This is all happening within a rapidly growing market. A recent report from Wood Mackenzie, Strategic investments in off-grid energy access: Scaling the utility of the future for the last mile, states that this technology helped 400m people gain access to electricity between 2010 and 2017. This number is expected to increase to 740m by 2022. There is room for growth, too: the World Bank’s Off-Grid Solar Market Trends Report 2020 states that market penetration stands at only 17%, and that the sector has seen investment of US$1.5bn since 2012. Figures supplied by the Global Off-Grid Lighting Association (GOGLA) state that the sector has an annual value of US$1.75bn.
Growth remains outstanding. As the World Bank report states: “Sales revenues are growing rapidly at 30% annually due to increased sales of higher-priced, PAYGo-enabled products that provide increased levels of energy service. In 2016, the industry reached a significant milestone, surpassing US$1bn in annual turnover. Since then, turnover has continued to grow rapidly to reach approximately US$1.75bn in 2019. This represents an annual growth rate of 30% over the period 2017 to 2019.”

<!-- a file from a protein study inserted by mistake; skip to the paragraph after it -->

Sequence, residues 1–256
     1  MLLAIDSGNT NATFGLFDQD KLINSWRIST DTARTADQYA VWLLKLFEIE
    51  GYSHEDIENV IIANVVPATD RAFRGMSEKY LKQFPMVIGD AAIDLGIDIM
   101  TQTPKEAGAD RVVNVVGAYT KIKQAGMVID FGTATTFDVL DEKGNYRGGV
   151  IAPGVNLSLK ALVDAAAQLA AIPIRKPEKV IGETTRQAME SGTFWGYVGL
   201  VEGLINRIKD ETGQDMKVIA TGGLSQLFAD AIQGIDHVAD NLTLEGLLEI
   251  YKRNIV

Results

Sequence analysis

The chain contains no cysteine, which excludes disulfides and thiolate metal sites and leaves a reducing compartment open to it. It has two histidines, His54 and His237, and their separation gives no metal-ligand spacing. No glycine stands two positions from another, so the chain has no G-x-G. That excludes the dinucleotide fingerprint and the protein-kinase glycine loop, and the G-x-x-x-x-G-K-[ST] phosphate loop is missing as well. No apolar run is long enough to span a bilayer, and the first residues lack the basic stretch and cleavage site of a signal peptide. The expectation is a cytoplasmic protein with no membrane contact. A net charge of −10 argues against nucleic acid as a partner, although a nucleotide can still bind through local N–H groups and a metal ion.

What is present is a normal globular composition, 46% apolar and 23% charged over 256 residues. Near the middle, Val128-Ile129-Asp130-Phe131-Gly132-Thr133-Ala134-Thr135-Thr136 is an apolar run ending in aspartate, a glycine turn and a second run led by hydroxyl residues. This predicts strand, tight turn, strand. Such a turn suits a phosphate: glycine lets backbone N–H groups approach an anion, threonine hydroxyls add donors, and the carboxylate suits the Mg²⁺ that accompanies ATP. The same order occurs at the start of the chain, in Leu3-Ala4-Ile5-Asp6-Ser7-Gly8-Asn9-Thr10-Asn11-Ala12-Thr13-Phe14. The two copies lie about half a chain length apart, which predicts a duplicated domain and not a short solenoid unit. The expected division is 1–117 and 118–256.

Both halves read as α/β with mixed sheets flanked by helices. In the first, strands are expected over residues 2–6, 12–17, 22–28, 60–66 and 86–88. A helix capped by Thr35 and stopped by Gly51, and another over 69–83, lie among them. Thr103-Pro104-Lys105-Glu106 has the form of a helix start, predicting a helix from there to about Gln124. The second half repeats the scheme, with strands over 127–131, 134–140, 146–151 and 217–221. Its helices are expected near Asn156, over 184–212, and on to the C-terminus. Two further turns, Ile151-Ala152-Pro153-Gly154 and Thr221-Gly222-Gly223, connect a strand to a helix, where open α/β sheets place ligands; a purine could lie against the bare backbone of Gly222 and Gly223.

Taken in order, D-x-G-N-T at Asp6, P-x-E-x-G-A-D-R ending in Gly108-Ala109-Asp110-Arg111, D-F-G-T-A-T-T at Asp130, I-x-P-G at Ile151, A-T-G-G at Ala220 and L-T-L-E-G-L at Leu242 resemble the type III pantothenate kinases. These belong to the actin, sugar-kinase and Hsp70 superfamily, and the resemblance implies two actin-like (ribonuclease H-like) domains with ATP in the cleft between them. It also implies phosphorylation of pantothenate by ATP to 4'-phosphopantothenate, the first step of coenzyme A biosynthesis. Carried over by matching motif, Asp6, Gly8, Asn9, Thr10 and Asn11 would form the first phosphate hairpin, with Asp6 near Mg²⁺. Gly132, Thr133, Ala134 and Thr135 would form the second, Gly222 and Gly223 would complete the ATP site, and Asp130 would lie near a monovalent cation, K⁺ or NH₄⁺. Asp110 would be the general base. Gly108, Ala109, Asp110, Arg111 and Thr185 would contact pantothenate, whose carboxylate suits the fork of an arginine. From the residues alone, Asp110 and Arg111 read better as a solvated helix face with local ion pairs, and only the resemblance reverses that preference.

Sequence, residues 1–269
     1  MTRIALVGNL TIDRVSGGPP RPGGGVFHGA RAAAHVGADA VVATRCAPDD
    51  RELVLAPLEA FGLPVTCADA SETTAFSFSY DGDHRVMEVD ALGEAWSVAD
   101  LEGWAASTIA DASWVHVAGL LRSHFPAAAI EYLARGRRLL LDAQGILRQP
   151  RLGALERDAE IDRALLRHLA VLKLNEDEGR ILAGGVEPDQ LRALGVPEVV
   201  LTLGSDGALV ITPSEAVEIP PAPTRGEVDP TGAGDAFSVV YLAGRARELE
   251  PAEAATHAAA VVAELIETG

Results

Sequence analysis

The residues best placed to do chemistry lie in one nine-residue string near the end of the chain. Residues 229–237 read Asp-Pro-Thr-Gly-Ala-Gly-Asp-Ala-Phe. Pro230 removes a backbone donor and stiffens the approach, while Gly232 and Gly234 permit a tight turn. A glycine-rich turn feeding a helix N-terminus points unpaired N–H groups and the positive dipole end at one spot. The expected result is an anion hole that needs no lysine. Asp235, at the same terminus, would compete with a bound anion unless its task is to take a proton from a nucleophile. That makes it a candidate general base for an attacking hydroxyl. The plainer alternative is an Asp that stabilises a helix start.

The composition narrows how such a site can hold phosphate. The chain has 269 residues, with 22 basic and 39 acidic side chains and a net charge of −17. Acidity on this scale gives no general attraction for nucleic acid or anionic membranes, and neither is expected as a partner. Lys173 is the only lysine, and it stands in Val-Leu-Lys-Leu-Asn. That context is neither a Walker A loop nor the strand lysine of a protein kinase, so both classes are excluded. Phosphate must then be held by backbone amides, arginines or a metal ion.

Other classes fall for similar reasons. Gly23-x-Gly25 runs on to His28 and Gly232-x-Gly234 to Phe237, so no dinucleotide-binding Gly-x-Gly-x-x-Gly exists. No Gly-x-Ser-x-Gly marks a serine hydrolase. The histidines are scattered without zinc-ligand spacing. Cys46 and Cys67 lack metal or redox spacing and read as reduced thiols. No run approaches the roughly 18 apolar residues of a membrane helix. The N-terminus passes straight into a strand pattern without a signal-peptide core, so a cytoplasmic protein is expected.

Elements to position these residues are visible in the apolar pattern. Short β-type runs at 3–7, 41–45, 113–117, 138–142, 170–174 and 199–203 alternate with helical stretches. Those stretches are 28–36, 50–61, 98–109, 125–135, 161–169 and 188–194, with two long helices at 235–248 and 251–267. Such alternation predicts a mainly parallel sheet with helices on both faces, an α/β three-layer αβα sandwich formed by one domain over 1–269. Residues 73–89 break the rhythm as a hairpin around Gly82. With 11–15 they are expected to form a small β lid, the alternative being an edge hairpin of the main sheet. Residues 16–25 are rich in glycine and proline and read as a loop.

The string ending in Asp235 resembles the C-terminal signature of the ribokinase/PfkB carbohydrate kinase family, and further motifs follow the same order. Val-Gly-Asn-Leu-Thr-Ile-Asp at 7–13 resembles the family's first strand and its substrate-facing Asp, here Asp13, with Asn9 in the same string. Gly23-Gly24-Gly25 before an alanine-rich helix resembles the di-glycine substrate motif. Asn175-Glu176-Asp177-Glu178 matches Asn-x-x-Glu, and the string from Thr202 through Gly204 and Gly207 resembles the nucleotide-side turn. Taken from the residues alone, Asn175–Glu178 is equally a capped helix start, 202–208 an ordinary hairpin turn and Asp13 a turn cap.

This growth in turnover “is bolstered largely by increasing sales of larger systems, predominantly through PAYGo-enabled solar home systems, that provide higher service levels to customers.”
There is evidence that the market is seeing the investment it needs, although it is unclear whether this will be enough. For this growth to continue at current rates, the World Bank report states that investment of up to US$2.2bn will be needed during the next five years. Even so, Wood Mackenzie reports that investment in off-grid, mini-grid and universal access projects is growing steeply, with commitments rising 37% between 2016 and 2017, and 22% between 2017 and 2018. This comes
at a time when GOGLA and the World Bank’s Lighting Global programme are reporting record six-month levels of off-grid solar deployment, with nearly 700,000 solar home systems and 2.8m solar lanterns sold.